The Plastic Bag Scene

One of the most memorable films ever is a film in a film – in the movie ‘American Beauty’ called by fans as ‘the plastic bag scene’. As commented by the young filmmaker in the story, who shot it…

Ricky Fitts: You want to see the most beautiful thing I’ve ever filmed? It was one of those days when it’s a minute away from snowing and there’s this electricity in the air, you can almost hear it. And this bag was, like, dancing with me. Like a little kid begging me to play with it. For fifteen minutes. And that’s the day I knew there was this entire life behind things, and… this incredibly benevolent force, that wanted me to know there was no reason to be afraid, ever. Video’s a poor excuse, I know. But it helps me remember… and I need to remember… Sometimes there’s so much beauty in the world I feel like I can’t take it, like my heart’s going to cave in.

When I was little, I remember being amazed when I see the wind tossing dried leaves into a spiral dance. If it was bigger, I would have stood in the eye of the storm to marvel at it, in the midst of it all. As commented on in ‘Cinema Nirvana’ by Dan Sluyter, ‘In the enlightened state you come to see that that beauty is in the world not just sometimes but always. And by acclimating gradually, you find that you can take it. Your heart doesn’t cave in but opens out to meet and embrace everything. And it’s all perfectly ordinary and normal.’

Here’s what I think… When we are mindful and soak in the way things are naturally, we can experience similar magic in the most ordinary of otherwise unnoticed everyday phenomena. This is when even the most simple can become the most beautiful. What is this benevolent force that is the life behind things, if there is one? I choose to think it is our force of mindfulness itself, which urges us to be benevolent and to see things in a benevolent way. With true mindfulness, there is no fear too, even of death. But is there so much beauty that we might not be able to stand it? I don’t think so. We might be surprised, overwhelmed, but it is only when we crave for the beauty we see to last or increase that we can’t stand it. If we savour the beautiful one moment at a time, it will be alright.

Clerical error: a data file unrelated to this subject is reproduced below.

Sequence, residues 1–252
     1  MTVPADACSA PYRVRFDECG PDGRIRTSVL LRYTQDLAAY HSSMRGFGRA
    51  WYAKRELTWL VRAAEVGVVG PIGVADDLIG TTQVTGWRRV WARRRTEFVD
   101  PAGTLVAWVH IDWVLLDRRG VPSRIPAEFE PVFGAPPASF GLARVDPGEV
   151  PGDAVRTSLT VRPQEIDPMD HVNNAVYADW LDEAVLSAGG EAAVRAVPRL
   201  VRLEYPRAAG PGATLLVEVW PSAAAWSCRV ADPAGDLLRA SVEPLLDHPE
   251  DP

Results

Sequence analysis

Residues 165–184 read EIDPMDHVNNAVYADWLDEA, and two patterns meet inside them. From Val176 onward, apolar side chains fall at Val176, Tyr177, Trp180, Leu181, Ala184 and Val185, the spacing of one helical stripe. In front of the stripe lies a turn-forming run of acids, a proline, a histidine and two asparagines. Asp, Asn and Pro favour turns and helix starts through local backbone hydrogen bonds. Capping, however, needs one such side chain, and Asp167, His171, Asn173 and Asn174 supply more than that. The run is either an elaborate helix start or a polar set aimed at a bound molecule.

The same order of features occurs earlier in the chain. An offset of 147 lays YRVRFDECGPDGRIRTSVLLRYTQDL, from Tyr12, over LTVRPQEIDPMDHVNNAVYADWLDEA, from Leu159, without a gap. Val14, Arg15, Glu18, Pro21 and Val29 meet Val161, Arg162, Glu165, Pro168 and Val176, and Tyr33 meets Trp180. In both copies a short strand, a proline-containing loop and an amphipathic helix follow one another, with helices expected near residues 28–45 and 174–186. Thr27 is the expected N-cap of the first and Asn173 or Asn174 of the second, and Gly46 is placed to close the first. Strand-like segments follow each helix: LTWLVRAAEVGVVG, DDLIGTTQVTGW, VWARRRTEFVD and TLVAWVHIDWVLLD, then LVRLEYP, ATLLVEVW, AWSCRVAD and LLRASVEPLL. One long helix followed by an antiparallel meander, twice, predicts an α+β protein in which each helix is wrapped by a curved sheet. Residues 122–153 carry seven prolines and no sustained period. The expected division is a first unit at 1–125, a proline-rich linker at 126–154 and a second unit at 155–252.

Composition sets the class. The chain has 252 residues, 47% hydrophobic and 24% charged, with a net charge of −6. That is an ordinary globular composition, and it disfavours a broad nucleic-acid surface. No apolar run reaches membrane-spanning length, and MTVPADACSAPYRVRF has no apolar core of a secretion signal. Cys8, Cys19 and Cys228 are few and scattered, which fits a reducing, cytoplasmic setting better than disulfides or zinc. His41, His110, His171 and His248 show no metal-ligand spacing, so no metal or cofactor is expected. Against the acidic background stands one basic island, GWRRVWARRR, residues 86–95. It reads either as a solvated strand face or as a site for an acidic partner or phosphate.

Similarly, there is so much suffering in the world too, that threatens to overwhelm what is not of suffering. Suffering too needs to be experienced mindfully to be transcended. Such scenes help us to remember the need to be mindful. Remembering is part of being mindful too. Below is a similar narration at the end of the movie, which on hindsight, ties in with my interpretation of the short film above. (Death is not the be-all and end-all though; just part of change.)

Lester Burnham: I’d always heard your entire life flashes in front of your eyes the second before you die. First of all, that one second isn’t a second at all. It stretches on forever, like an ocean of time. For me, it was lying on my back at Boy Scout Camp, watching falling stars. And yellow leaves from the maple trees that lined our street. Or my grandmother’s hands, and the way her skin seemed like paper. And the first time I saw my cousin Tony’s brand-new Firebird. And Janie… and Janie. And… Carolyn. I guess I could be pretty pissed off about what happened to me, but it’s hard to stay mad when there’s so much beauty in the world. Sometimes I feel like I’m seeing it all at once, and it’s too much. My heart fills up like a balloon that’s about to burst. And then I remember to relax, and stop trying to hold on to it. And then it flows through me like rain. And I can’t feel anything but gratitude for every single moment of my stupid little life. You have no idea what I’m talking about, I’m sure. But don’t worry, you will someday.